Topic: TheDaVinciCode Book Movie
Here is what I have been reading lately. I find this article very interesting. It clarifies things up , forms and informs Catholics, Christians about the untruths of Dan Brown's Bestseller, The Da Vinci Code.
Amy Welborn, former writer for Our Sunday Visitor, now freelance author, lecturer and remarkable mother of five. Many people read her blog, "The Open Book." She talks about her latest works debunking "The Da Vinci Code."
Welborn had been a teacher for nine years and had a master's in Church history. Indeed her books, her studious rebuttals of "The Da Vinci Code" and her blog all speak of a mission to form and inform Catholics.
Welborn's first forays into literature were a children's book on saints and a series of apologetics books for young people. She says that through her writing, she "was able to continue teaching in a broader way." Her knack, she says, "is taking complicated concepts and making them more understandable especially for young people."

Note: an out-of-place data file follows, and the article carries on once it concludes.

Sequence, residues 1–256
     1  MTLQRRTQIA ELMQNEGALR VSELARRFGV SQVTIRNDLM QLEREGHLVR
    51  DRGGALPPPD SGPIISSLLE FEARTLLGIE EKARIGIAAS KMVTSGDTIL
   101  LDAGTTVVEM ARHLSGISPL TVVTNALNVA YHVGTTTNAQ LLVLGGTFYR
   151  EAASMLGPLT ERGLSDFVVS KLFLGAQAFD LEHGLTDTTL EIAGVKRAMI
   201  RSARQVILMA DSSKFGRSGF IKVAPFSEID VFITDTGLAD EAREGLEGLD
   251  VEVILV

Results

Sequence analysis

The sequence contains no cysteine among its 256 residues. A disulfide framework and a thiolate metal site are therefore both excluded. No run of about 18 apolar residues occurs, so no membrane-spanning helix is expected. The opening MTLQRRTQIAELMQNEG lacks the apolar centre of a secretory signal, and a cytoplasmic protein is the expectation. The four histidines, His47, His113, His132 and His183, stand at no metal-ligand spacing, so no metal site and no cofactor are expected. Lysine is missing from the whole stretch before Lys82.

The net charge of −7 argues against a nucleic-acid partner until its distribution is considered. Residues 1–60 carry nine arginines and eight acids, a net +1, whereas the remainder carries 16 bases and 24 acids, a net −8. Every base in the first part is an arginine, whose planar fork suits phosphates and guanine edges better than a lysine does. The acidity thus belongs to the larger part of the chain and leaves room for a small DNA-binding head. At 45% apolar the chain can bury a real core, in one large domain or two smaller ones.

Welborn's recent book, "Decoding Da Vinci: The Facts Behind the Fiction of the Da Vinci Code," was written to assist numerous readers of the "Da Vinci Code" who find themselves confused between fact and fiction in the novel.
Welborn's first encounter with the Dan Brown book was a quick (negative) review for Our Sunday Visitor, but she realized that "however silly the story and poorly written the book was, it was very manipulative."
Amy Welborn was not ready to the reaction to her book. She realized that the Da Vinci Code had a lot of followers and readers. Reactions to her review revealed that the novel had unearthed a deep crisis in catechesis. Recalling a letter from a mother saying that her daughter had "lost her faith" as a result of reading the book, Welborn asked, "What faith, if it can be undone by something off a fiction shelf?"
Her newest book, "Decoding Mary Magdalene: Fact, Fiction and Lies" was inspired by her husband who noted that there were no Catholic books setting the record straight on Mary Magdalene.
Welborn notes that Mary Magdalene, besides her role as the faithful disciple who is the first witness to the Resurrection, is also a model of penitence. In this respect, she claims that Dan Brown's errors are the most grievous because "'The Da Vinci Code' gives the impression that her repentance is bad."
Other Important Links